Jan 22, 2013

Attracting an audience by implying their rationality or irrationality

Through various means, and over the long-term, a writer attracts a particular audience for his writings. Content is one means of drawing readers in. A writer who writes about chess will, all other factors being equal, build an audience of individuals interested in chess. Style is another factor. A writer who writes clearly and integrates his points thoroughly will tend to acquire an audience of clear thinkers.

Another element of style is the writer's treatment of each link in the chain of fact, value, emotion, and action. Rational readers can learn a fact in the text they are reading. When they connect that fact to a value they hold, they will automatically experience an emotion. If the value is a high one, and the circumstances are appropriate, readers will take action. For example, if a writer says, "Smith Company has published my new book, Preventing Dental Problems," then those readers who respect the writer's knowledge and are concerned about their dental health will feel hopeful about their future dental health and either investigate the book further or take direct action to purchase it. The writer has stated a fact, perhaps including expected benefits of knowing that fact; readers connect that fact to their own values, experience an emotion, and take action.

EXAMPLES. Consider two cases, one at each end of a style spectrum. The first is an announcement published in the "Objectivist Calendar" column of The Objectivist Newsletter, Vol. 1, No. 1 (January, 1962), p. 4. It says:

The next New York series of "Basic Principles of Objectivism" will be given at the Hotel Roosevelt, 45 St. & Madison Ave., at 7:30 P.M., on twenty consecutive Tuesday evenings, beginning February 13. Registration is now open.

This first case presents facts, and it relies on rational readers to recognize the value. (In a longer announcement, and in a different, more general publication, a rational writer might have identified the benefits of attending, but would still let readers make the evaluation and the decision to act.)

The second case is a composite of insulting announcements I have seen recently:

Gladys Grumbly, the most awesome speaker of the day, will be talking about introspection at the Wilshire Community Center on February 12 at 8 pm. You will love her presentation! You owe it to yourself to go! Sign up now! Don't delay and don't miss this absolutely fantastic opportunity!!! Click on the name below and be certain to Like this page now!!!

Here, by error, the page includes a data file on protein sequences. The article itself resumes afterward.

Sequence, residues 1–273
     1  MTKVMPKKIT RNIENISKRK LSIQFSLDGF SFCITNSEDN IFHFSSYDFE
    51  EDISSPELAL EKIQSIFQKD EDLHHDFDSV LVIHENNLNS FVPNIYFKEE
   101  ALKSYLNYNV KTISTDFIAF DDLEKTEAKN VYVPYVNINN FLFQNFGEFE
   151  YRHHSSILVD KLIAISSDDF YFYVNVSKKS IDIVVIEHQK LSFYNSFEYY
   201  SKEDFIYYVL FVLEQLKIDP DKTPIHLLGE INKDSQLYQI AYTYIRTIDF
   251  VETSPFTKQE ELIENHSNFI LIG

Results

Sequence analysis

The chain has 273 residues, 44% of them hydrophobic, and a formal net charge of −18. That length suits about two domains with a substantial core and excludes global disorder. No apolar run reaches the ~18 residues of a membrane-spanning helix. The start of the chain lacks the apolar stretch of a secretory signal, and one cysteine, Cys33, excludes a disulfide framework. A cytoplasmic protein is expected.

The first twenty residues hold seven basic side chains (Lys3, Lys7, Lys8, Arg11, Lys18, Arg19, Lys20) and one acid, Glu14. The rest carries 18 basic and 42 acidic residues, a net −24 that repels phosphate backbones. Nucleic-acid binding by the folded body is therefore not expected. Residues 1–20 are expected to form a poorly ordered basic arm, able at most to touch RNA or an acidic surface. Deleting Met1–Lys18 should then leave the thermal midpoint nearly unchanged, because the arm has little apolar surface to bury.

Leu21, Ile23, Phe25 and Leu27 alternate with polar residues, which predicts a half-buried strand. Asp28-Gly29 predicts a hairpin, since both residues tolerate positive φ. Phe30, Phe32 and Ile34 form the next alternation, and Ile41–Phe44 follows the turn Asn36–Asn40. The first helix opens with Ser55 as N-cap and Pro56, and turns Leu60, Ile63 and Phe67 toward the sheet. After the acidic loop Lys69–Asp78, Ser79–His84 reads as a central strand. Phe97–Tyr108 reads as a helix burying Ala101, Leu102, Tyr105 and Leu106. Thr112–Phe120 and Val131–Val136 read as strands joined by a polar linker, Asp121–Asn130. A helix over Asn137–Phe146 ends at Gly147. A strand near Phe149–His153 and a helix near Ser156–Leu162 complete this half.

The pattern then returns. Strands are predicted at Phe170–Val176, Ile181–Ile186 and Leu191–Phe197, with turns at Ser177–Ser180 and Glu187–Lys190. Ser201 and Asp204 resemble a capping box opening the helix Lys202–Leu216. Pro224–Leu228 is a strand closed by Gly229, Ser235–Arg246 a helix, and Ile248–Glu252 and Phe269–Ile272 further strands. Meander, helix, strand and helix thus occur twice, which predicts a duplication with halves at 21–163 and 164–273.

This second case insults rational readers. It presents a clich├ęd and "floating" evaluation ("Awesome"? In what way does it create a sense of awe? In whom? So what?). Further, the second announcement tells rational readers what emotional response, "love," they will feel and further insults rational readers by saying that they "owe" it to themselves to attend, not allowing readers to connect the announcement to their own individual hierarchy of values. Lastly, the announcement degrades its readers by commanding action (using the imperative mood), not merely giving instructions for implementation.

RESULTS. The writer in the first case is writing objectively, that is, writing about facts and allowing rational readers, his only intended audience, to evaluate those facts and take action. The writer in the second case is assuming his robotic readers must be pushed into evaluating, feeling, and taking action.

The writer of the second case will eventually lose rational readers—those who want to evaluate, feel, and take action at their own initiative and in the context of their own personal values. The readers who accept such abuse and remain the writer's followers will tend to be automatons. The writer may then wonder why he has such a seemingly passive and unintelligent audience.

Over the long-term, the writer creates his audience through a process similar to natural selection: Assume readers are irrational, write accordingly, and the rational ones will go away; or assume readers are rational, write accordingly, and they will continue to pay attention to one's writings as the years go by.

Burgess Laughlin
Author of The Power and the Glory: The Key Ideas and Crusading Lives of Eight Debaters of Reason vs. Faith, here


Unknown said...
This comment has been removed by a blog administrator.
Burgess Laughlin said...

Thank you for the comment (and confirmation).

However, the comment seems misplaced. Should it not be a comment on the June 4, 2013 post ("Is Reading the News ...")?

Also, please remember to use your name when commenting. Sadly I must delete the comment if no name is supplied here.